S-BOMB warning. That’s SPOILER-ALERT, for those less crude than I.
Now, these are children’s books, and delightfully brief, but I’d like to review them just the same. How to describe The Squickerwonkers? Narratively, it’s playfully devious. Children are, by their very nature, a mixed bag of good and bad traits. These books seem to appeal to the bad, but ultimately lead towards the good, if you understand my meaning. Art-wise, this book and its sequel are by different artists, but in a similar vein. The art style speaks to the deviousness, the queerness of these tales.
The Pre-Show introduces us to both the Squickerwonkers themselves and Selma, soon to be Selma the Spoiled. She’s a royal brat that wants everything, and I do mean everything. It’s ultimately her downfall, and how she becomes one of the Squickerwonkers. Each of these playful characters has exaggerated traits, things that are mostly negative. My favorite design-wise is Lorna the Lazy, who looks like a sullen goth teen.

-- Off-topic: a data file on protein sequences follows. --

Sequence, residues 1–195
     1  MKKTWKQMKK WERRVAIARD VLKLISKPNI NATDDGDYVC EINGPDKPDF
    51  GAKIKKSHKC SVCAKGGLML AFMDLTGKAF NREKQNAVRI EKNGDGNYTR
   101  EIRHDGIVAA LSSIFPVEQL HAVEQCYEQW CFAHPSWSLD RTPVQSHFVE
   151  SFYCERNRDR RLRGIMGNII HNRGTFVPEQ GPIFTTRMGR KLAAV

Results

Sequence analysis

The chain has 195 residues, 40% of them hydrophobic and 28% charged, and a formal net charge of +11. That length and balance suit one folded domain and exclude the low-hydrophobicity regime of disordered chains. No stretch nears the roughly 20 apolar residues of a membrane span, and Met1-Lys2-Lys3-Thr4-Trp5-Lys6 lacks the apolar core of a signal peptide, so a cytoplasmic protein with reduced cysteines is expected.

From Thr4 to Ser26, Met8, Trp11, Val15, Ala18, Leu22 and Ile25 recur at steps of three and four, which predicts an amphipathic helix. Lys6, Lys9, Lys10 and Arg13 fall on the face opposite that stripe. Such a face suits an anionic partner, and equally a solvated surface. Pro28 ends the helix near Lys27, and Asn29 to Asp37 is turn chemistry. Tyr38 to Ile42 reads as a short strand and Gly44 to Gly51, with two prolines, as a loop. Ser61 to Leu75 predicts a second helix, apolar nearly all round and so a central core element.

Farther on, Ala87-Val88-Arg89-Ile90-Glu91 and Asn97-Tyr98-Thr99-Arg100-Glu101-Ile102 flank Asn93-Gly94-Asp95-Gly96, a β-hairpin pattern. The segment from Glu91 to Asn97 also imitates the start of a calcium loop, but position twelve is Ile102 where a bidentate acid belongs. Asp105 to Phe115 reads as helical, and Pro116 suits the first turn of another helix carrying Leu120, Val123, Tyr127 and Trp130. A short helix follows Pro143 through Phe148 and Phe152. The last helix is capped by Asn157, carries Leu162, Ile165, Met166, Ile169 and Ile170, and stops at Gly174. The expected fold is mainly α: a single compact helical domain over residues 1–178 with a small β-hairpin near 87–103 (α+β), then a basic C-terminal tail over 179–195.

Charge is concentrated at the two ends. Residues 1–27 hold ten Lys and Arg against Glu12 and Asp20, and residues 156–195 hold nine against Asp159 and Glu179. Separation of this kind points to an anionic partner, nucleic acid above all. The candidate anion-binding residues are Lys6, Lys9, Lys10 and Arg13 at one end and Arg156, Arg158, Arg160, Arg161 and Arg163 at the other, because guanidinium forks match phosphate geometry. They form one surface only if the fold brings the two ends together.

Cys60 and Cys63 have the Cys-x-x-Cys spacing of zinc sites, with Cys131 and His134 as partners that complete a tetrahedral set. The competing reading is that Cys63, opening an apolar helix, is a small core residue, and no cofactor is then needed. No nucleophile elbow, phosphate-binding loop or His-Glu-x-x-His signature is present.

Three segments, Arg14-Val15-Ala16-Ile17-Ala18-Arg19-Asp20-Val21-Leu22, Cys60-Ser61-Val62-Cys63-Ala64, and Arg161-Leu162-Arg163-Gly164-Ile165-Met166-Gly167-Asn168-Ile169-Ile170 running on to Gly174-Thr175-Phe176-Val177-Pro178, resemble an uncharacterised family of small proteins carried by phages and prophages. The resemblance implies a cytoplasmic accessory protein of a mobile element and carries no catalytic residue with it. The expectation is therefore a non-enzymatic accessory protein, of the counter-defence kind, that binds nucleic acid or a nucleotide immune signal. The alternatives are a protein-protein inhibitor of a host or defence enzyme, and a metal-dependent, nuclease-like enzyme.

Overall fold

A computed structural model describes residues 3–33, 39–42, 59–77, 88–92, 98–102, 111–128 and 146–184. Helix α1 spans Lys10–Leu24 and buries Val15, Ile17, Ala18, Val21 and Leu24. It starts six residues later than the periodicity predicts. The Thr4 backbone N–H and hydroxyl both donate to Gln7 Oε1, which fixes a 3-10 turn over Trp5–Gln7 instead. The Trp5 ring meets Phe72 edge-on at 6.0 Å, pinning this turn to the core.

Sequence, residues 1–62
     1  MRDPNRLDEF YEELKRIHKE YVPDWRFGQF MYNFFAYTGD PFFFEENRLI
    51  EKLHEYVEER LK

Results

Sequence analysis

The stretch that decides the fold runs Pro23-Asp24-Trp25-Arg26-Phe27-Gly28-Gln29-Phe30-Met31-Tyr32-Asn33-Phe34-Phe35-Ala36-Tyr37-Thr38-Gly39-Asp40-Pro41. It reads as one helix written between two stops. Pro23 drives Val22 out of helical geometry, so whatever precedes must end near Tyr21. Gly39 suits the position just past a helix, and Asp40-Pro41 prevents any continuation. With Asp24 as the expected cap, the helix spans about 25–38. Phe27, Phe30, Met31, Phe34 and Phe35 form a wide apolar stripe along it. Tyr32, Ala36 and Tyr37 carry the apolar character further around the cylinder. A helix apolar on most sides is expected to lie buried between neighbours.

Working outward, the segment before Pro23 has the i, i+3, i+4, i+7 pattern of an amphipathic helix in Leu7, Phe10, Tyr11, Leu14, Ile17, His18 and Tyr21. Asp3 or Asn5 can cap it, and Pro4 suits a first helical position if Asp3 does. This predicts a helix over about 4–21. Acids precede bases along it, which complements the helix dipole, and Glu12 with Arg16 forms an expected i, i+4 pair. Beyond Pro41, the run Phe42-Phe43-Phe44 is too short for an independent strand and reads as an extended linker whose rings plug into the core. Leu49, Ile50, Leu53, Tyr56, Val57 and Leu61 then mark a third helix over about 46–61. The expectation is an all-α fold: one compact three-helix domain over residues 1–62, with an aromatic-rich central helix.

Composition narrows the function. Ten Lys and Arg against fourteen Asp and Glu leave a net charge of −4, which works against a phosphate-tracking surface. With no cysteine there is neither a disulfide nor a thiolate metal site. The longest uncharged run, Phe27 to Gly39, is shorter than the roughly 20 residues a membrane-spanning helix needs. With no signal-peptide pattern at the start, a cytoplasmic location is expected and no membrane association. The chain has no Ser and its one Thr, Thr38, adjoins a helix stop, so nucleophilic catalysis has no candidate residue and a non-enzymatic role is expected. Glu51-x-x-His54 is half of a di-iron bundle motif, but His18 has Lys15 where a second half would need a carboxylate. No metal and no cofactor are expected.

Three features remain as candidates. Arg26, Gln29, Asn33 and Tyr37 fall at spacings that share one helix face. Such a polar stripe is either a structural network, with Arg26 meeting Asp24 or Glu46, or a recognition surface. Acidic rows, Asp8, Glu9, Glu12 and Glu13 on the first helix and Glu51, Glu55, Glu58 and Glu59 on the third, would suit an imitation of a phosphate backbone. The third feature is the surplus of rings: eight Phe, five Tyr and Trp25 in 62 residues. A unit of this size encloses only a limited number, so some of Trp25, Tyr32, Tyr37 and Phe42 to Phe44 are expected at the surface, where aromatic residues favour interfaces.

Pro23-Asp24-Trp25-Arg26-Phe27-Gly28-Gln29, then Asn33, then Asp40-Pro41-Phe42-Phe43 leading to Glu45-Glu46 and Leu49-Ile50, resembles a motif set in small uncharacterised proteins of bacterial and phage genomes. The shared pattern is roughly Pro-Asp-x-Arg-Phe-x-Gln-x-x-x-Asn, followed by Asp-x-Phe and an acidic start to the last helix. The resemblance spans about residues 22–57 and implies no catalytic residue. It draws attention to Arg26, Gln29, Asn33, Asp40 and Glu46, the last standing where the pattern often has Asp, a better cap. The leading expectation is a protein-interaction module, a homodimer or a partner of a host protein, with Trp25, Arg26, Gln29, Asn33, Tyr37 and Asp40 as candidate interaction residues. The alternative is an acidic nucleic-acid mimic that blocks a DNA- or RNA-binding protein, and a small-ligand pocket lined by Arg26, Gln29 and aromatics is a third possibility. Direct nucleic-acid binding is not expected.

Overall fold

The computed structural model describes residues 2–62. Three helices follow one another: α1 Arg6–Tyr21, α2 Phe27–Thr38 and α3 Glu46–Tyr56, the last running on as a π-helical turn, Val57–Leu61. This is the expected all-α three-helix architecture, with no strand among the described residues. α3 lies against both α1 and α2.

Evangeline Lilly has a playful way of rhyming, and it’s wonderful, and I’m happy to support her by owning these little beauties. I don’t have any children to share them with but the child in my head is happy enough, thank you very much!
Interested in The Squickerwonkers: The Pre-Show? It can be purchased here.